Dust has been flying under the radar quite considerably for the past few years. Intiially slated to be an Xbox Live Indie title, it was eventually slated to be an Xbox Live release in 2011, only to be delayed into the Summer of Arcade in 2012.
Considering I had relegated it to “that one game with animals in it”, I was utterly shocked at how great Dust really was. Essentially created by a one man studio, Dust outshines nearly every other major studio action platformer on the Xbox Live Arcade: and then some.
Dust is essentially an action platformer with Metroidvania elements. Yep, that’s right — it has elements of exploration just like Shadow Complex, or any number of recent games that have attempted to replicate that classic feel. There are going to be a number of areas that you’ll need to memorize (such as a high ledge, or a tunnel) so that when you pick up the correct powerup or ability later on in the game, you can head back and collect the juicy rewards.
The game starts out innocently enough — the main character, aptly named Dust, finds himself in the middle of a clearing, unable to remember anything regarding his past. Suddendly, a talking sword appears, evidently summoned by the spirit of Dust, and along with it, a cute bat-cat guardian named Fidget. Dust’s first mission is to head to the nearest village, and find out more about his past.
Despite the fairly unimaginative setup, Dust manages to keep you interested throughout the entireity of the game. The story will not only feed you tibits of information here and there that patch together the story, but it’ll also present you with a number of interesting characters that, if you don’t wholly care for, you’ll at least want to see what happens to them. The game’s dialogue is also fairly funny — it isn’t going to win an Emmy or anything, but it’s good enough for Saturday Morning cartoon material, on top of a compelling story.
But the intrigue doesn’t just stop at story quests — Dust also gives you a number of interesting sidequests to embark on, which makes the game feel more like a full retail purchase rather than a $15 download. One quest in particular, which deals with a mysterious magical box, and the box’s insane owner, was extremely interesting, and exceeded my expectations of side quests in general.
There’s also a number of arena levels, which task you with defeating enemies and getting from point A to point B in a certain amount of time. These arenas are ranked and are leaderboard compatible, which only adds to the game’s replay value. On top of all that, it will take you quite some time to find all of the game’s hidden secrets, chests, items, and save all of the XBLA cameo characters from certain doom.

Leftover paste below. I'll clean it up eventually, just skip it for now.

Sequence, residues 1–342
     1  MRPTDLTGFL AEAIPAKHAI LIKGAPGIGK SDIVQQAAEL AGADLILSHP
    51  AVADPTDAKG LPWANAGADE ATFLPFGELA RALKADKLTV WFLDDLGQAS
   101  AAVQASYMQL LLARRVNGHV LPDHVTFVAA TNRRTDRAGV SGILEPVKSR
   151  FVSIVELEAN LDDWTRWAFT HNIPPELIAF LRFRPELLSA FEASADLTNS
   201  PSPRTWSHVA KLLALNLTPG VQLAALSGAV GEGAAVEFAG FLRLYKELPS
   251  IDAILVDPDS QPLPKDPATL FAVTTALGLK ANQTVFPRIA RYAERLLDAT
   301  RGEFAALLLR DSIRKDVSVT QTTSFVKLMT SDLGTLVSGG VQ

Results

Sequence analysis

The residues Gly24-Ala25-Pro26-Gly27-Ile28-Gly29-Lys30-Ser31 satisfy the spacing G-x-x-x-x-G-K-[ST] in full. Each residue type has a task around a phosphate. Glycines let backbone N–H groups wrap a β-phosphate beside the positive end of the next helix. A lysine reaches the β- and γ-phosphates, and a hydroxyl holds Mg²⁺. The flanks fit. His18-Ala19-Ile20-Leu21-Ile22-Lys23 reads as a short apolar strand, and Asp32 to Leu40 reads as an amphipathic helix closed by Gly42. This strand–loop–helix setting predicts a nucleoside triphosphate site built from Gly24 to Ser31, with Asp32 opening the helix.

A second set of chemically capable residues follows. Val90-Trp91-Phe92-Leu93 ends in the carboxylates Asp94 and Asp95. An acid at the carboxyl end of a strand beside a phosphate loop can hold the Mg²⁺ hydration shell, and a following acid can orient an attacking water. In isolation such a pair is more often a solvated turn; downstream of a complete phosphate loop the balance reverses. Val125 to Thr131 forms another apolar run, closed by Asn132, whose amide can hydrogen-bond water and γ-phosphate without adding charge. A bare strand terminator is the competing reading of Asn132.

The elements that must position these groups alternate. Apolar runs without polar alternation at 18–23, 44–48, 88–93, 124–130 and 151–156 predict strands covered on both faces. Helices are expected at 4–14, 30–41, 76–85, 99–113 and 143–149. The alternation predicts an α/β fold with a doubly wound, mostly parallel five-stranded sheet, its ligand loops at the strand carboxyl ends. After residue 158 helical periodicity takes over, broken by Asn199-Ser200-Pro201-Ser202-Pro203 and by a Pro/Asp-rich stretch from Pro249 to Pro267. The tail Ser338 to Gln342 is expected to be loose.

So what about that afforementioned talking sword? It does actually have combat capabilities, right? Well, given the “action” part of Dust‘s “action-platformer” moniker, of course! Dust has the ability to slash with X, use Fidget’s magical blasts with B, summon a dust storm with Y, and dodge left or right with LT/RT/the Right Analog stick.
By using Fidget’s blast power in tandem with the dust storm, you can fling projectiles all across the map at enemies: the only catch is Dust will tire out entirely if you keep the dust storm going too long, so you have to micromanage it to get the best results. In addition to dodging, Dust can also parry attacks by attacking and holding X just before a strike. All of it works extremely intuitively, and I never had a problem with doing what I needed to do.
All of this combat can be put to use through five difficulty levels: Easy, Normal, Hard, and Hardcore. While at first glance it may seem like AI improvement and increased enemy damage may be the only thing increased difficulties bring to the table, but in actuality, they create something else entirely: a war of attrition.
On harder difficulties, Save Points don’t heal you as much, or at all, which means that you have to conserve your items and food to be able to survive. If you’re looking for a challenge, I’d recommend playing on at least Hard. Though the main story isn’t as long as most other full retail titles, there is enough content here in general to last you a long while.
As the cherry on top, Dust also contains a number of amazing video game references that make it obvious that it’s a labor of love. For instance, the Ninja Gaiden “Izuna Drop” combo is performed with the exact same combination of buttons – X, Y, X, X, X, Y. There are numerous other references, such as the inexplicable “wall chicken”, a direct reference to Castlevania‘s absurd food items found inside solid walls. There’s even direct references to Resident Evil 4 and more, but I don’t want to spoil too many of them here.
Although it can get repetitive at times, Dust is easily the most charming game in the entire Summer of Arcade. In fact, it’s one of the most enjoyable Metroidvania/action RPG games I’ve ever played. For a scant $15, Dust single handedly outshines many $60 retail releases — all due to the work of basically one person. If that’s not a testament to how small developers can survive in today’s publisher heavy system, I don’t know what is.
This review is based on a digital copy of Dust: An Elysian Tail for the Xbox Live Arcade.